It’s time to fire up the grill and turn on the Hawaiian music—you’re throwing a b-day luau! It’s a kid’s party, so no need to roast an entire pig underground or mash up poi for the occasion. Just a few small details will keep the birthday girl and all her friends happy for the day.
One of the funnest things about a hula party is being able to dress the part. So, let’s begin there. The easiest place to stop for all things hula is San Francisco’s Aloha Warehouse, in the Buchanan Shopping Center in Japantown. They carry skirts and leis, ukuleles, CDs of Hawaiian music, snacks, and much more. Toys “R” Us has an ankle-long Raffia Hula Skirt for $8.99 for mom or older girls, while Party Warehouse has shorter, kids’ hula skirts for even less. If you have the time to take a class at the APOP Hawaiian Cultural Center in San Francisco, you can learn how to make your own hula clothing, made from plants grown in the Center’s backyard. But for parents’ with even less time, there’s always online shopping, and The Find aggregates online shopping sites from Amazon to the Oriental Trading Company with hula skirts for sale. Another, more interactive option is to make your own hula skirts by having each guest tie a string around her waist, then hanging strips of green streamer paper around it to imitate grass.
Fresh flower leis can be found throughout the Bay Area, from Aloha Leis in Richmond to SoMa Flowers in San Francisco. Or, you can get crafty with the kids and make leis together from flowers, ribbon, colored tissue paper, or shells. Artificial leis are available throughout the year at your local craft store, like Michael’s or Beverly’s.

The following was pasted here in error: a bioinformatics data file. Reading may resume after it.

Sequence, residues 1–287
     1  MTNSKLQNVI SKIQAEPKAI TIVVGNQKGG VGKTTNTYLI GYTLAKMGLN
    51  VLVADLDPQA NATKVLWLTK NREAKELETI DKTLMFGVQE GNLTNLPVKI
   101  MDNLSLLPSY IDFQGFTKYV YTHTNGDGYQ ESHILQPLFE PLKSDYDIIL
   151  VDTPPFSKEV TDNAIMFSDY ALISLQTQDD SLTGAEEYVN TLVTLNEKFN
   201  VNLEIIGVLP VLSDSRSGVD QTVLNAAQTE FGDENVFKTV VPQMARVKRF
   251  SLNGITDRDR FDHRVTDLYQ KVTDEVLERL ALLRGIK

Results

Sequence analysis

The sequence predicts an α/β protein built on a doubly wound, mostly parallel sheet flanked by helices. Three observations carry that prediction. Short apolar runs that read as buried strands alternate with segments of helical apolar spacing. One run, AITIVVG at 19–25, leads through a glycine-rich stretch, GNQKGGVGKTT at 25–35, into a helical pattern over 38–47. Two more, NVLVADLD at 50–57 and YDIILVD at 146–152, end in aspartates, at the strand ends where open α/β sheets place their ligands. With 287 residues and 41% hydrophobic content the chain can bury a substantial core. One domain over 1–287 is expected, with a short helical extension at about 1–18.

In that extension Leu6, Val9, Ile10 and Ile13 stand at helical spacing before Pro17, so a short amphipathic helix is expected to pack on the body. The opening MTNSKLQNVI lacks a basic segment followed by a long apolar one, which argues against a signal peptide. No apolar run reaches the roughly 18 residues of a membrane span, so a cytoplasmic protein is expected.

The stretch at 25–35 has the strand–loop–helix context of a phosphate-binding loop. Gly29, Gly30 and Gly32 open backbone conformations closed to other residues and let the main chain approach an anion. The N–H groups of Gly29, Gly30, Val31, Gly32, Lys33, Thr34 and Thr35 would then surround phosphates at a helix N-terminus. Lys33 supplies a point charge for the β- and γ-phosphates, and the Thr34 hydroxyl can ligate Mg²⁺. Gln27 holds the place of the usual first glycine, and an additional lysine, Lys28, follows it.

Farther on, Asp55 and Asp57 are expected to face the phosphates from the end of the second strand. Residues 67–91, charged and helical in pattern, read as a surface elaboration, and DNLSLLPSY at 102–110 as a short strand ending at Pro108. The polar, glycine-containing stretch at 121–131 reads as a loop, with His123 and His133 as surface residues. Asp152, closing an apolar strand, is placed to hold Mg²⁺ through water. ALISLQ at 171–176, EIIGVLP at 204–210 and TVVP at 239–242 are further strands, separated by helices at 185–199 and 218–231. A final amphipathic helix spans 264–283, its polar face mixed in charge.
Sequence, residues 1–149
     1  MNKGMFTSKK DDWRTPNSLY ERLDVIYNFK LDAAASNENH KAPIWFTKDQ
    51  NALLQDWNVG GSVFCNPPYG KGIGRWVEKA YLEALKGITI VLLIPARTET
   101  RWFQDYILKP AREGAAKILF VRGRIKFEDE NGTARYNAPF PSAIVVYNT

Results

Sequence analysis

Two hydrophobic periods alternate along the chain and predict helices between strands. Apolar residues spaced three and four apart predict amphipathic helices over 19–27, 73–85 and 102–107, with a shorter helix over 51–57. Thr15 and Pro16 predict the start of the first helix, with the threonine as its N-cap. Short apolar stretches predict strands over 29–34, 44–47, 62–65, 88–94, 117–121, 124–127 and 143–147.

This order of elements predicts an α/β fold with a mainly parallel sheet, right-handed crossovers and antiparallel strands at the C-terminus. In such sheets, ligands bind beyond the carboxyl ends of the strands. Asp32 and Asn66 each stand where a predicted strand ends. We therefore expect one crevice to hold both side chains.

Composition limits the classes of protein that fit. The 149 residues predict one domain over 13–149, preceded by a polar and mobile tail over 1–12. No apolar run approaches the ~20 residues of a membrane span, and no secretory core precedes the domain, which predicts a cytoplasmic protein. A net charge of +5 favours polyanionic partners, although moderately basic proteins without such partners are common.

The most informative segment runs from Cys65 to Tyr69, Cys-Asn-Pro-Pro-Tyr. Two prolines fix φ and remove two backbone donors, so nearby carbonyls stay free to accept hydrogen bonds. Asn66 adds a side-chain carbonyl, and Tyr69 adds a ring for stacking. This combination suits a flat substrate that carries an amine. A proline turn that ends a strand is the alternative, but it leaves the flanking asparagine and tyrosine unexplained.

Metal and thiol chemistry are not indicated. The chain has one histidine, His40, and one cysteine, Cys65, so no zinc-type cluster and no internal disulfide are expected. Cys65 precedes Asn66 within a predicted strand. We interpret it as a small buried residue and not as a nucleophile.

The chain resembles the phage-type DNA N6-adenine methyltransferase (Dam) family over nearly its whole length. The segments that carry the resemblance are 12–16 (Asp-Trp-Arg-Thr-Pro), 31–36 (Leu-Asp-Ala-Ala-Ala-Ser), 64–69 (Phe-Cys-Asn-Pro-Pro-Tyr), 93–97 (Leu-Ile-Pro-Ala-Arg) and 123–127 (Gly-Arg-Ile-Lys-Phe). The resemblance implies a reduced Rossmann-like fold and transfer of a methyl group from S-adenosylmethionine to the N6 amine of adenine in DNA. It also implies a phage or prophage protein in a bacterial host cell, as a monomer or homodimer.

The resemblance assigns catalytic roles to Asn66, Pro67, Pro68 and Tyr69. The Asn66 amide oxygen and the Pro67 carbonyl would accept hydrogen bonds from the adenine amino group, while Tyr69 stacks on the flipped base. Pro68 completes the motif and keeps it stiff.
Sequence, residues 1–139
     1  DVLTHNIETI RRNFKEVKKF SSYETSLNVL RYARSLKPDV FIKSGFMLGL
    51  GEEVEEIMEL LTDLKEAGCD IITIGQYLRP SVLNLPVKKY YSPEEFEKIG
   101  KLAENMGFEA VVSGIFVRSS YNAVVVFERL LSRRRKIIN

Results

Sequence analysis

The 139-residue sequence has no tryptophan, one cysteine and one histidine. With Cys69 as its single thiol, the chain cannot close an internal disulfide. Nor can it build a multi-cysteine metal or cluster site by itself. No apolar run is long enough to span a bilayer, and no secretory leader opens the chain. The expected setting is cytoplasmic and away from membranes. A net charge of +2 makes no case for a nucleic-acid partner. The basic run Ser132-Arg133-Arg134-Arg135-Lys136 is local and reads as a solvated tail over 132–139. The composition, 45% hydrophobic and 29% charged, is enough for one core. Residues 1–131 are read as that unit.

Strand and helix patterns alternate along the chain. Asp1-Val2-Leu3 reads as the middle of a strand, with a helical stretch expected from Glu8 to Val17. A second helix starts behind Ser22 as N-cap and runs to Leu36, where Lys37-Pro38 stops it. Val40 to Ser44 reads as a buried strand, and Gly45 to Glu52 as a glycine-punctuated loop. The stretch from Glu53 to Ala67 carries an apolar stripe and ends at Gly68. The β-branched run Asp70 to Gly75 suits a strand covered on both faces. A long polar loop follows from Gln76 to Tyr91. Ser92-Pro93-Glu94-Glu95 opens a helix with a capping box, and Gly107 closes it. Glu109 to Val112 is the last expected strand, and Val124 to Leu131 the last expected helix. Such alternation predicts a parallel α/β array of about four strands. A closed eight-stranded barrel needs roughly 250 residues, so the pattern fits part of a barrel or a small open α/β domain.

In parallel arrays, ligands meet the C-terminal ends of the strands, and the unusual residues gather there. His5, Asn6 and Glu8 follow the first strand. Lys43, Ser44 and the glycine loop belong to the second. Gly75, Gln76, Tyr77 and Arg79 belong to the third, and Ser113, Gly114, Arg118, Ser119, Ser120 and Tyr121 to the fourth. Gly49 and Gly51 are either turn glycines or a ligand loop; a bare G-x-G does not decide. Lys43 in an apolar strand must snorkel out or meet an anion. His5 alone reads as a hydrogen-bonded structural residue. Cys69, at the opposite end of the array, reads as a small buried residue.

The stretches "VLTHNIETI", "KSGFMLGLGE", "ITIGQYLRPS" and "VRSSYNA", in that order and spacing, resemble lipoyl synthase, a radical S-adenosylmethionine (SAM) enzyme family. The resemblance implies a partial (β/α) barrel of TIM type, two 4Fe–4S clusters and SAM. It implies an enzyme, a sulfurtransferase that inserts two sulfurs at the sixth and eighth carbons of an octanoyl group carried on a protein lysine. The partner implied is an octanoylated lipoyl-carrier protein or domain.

One sure way to fire up the fun factor is to hire a hula instructor to put some sway in the kiddies’ hips. Edna Cabcabin Moran will come to your home, demo some hula dancing, and teach the littles in a 30- or 55- minute hula session (depending on the age group) about the art form, as well as some simple choreography. To inquire about her availability and rates, contact her at 510-769-7936 or firstname.lastname@example.org.
Finally, the food: The good thing about a luau is, with a grill and a little fruit, you can go a long way. Here are a few ideas:
• Use fresh pineapple and mango with your peppers and onions to make a salsa. This can go over any of your meat dishes, from fish to poultry. Yum, yum! Save the pineapple husks and cut them in neat halves. They make delightful little bowls for a tropical fruit salad.
• Grilling barbeque skewers? Save some of those skewers for fruit kabobs. Pineapples, bananas, strawberries, and mangoes are even more scrumptious warmed through! Or combine the two for barbeque pork and pineapple kabobs.
• No kid’s spread is complete without a sandwich option. Ham and pineapple slices make a great combination between slices – just make sure the pineapple is drained.
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